As an enthusiastic drinker who thinks a nice hotel room is wasted if left to explore the city, arriving to find a good number of bottled cocktails in the Hotel Harry minibar is good news. The fact they’ve been chosen by Scout’s Matt Whiley is a bonus; he’s the cocktail chemist behind the nearby experimental bar.

Heritage-listed pub Harpoon Harry (originally known as the Macquarie Hotel) in the inner-city Sydney suburb Surry Hills, just on the city fringe, has been pouring schooners and offering visitors a place to rest their heads since 1912. More recently, the rooms of its upstairs lodgings, known as Hotel Harry, have been given a refresh. They’ve been lifted from understated and unremarkable to art-deco chic.

You can tell Hotel Harry has been around for a while – from the pub downstairs you ride one of those mildly terrifying elevators where you push open the door yourself, and using it takes longer than if you took the stairs. But that adds to the charm. Step out onto very plush carpet (no one will hear you coming) and push open a heavy wooden door to find your room.

My suite had deep royal blue carpeting, brass everywhere and each wall was a different pastel shade. The emerald-green bedhead is like that of a mid-century queen, and heavy blue curtains drown out the lights of the busy main road below. The vibe of the thing is art deco, and each suite and double, double-double (two double beds) and single room has been individually styled.

Along with the refreshed rooms, the pub has introduced a room-service menu that means you don’t need to leave your suite (or your bottle of cocktail) to enjoy the pub’s fare. Everything from Scotch fillets to burgers and chicken schnitties can be brought up to you. Don’t fancy what’s in the minibar? You can order a Margarita or glass of fancy wine, too.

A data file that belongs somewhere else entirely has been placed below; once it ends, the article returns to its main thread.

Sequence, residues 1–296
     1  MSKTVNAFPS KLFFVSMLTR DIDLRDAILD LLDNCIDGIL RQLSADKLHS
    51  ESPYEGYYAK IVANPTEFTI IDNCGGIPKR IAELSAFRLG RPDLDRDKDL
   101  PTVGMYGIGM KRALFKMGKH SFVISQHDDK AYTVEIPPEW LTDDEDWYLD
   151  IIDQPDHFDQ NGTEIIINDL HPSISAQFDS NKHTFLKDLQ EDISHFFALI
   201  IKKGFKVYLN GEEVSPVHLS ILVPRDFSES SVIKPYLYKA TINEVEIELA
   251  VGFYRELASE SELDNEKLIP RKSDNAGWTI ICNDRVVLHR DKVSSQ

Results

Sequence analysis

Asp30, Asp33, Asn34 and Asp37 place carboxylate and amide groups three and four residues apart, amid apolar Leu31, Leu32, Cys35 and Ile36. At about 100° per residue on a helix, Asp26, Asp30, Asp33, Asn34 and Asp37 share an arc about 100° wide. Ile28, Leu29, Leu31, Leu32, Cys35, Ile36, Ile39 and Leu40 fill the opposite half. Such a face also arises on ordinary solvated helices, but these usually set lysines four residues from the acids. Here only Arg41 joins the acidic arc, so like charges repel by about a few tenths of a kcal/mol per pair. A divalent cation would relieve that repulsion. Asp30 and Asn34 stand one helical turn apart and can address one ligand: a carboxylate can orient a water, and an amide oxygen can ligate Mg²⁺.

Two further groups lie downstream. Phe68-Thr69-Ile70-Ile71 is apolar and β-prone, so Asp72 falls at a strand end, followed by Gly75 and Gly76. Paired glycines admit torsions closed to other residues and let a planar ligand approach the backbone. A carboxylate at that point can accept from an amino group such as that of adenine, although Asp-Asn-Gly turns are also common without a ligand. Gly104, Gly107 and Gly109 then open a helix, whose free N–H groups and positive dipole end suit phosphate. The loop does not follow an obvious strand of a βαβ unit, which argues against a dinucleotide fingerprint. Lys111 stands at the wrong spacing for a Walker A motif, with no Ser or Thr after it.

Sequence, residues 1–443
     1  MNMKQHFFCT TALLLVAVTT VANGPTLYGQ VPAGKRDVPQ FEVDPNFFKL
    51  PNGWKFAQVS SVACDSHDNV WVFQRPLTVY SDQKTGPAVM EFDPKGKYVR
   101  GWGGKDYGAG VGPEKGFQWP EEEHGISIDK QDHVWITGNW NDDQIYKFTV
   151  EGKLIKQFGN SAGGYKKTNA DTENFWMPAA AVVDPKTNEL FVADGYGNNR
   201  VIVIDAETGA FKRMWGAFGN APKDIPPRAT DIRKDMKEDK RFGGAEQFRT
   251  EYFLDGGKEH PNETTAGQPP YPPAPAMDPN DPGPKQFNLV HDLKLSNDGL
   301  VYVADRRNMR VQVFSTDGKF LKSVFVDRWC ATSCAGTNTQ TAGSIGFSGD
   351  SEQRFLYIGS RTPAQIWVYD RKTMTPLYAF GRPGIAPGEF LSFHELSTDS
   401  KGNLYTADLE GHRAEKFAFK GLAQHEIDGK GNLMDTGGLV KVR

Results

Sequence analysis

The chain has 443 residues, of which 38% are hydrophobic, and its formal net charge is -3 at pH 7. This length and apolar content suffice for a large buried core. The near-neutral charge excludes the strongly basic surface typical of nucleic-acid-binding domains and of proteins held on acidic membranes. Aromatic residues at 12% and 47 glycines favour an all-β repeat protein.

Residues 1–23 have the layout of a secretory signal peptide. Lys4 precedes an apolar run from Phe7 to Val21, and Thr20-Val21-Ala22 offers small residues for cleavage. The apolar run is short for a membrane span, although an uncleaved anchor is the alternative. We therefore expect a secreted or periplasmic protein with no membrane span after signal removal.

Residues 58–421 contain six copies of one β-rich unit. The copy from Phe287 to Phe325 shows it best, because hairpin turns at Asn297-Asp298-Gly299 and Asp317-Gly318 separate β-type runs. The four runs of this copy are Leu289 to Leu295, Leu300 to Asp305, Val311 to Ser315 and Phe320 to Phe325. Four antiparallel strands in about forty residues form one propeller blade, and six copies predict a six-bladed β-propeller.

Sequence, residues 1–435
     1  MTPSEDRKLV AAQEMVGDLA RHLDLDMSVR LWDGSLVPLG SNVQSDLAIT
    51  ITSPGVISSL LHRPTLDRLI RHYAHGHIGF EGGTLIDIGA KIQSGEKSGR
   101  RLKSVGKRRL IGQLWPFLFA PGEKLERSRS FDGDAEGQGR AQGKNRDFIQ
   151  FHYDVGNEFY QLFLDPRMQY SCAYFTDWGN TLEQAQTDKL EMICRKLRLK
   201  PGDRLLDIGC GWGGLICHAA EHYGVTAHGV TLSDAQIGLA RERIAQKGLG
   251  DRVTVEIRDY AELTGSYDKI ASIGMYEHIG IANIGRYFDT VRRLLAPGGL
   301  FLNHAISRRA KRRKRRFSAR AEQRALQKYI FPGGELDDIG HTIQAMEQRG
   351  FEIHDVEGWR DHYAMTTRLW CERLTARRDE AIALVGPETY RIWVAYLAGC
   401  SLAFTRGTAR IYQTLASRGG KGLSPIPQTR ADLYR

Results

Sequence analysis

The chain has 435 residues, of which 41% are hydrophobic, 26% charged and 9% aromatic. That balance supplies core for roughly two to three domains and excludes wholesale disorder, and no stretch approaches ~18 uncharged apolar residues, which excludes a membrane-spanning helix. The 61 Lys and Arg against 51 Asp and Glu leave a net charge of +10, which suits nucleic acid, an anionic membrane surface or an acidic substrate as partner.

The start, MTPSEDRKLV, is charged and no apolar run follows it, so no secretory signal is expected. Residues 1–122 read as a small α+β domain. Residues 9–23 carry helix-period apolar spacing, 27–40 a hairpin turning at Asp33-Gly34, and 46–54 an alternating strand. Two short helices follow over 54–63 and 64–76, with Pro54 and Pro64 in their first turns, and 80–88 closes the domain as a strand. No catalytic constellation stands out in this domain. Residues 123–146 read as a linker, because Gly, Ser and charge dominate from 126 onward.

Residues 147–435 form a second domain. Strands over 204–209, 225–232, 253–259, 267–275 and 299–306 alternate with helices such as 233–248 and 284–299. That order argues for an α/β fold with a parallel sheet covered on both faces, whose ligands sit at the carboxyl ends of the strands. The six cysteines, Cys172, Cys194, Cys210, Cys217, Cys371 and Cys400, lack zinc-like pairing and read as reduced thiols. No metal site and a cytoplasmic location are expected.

If you’re happy mooching around the hotel room and don’t care for picking up the phone, you have the minibar and its room-temperature compatriot, the bookshelf. Along with your bottled cocktails there’s the minibar staple, the Toblerone, along with Berocca (it will help if you happen to drink too many mini bottles of Patron Cafe, which also happen to be in the fridge).

On the bookshelf there’s a variety of crisps, a good-looking bottle of red wine and still more small bottles of spirits. And should you want to shake and stir your own cocktails, there’s a full cocktail kit; you can call for reception to bring up orange rind, lemon, lime, ice and chilled Martini glasses.

Speaking of cocktails, let’s pivot back to those bottled beauties in the minibar. Scout’s Whiley is constantly updating what’s offered with combos from some of the world’s best bartenders. First up are pours from Luke Whearty, who will head up Melbourne’s soon-to-be-opened bar Byrdi. He’s concocted Aussie takes on classics. There’s a wattleseed Negroni; the bee pollen “Re-Fashioned”; a fennel-pollen Sazerac; and a lamington Manhattan that somehow tastes like a jammy, cocoa-packed lamington in liquid form.

Come morning you can head downstairs for breakfast from 10am (checkout isn’t until midday) or stick with the hermit theme and order up to your room. Most breakfasts will only set you back $10 including a coffee – far from the usual hiked prices of hotel room service. Brekkie options are simple but exactly what you need after drinking a minibar of bottled cocktails on a Monday night for research purposes: think haloumi and bacon and egg rolls, cereal, and croissants.

Should you be staying more than one night, or feel like you should be exploring the local area, there’s plenty to do nearby. Harpoon Harry the pub is known for its solid music programming, with different DJs on the decks each weekend. Just around the corner is Asian diner Chin Chin, and a slight stroll away is Poly wine bar. A bunch of boozers, including the Hollywood Hotel, Mexican-inspired bar Tio’s Cerveceria and tiny Irish pub The Wild Rover are all close by. Plus, it’s only a short walk to Central Station and Oxford Street, and jaunts into the city are within walking distance too.

hotelharry.com.au

This article first appeared on Broadsheet on August 23, 2019. Some details and menu items may have changed since publication.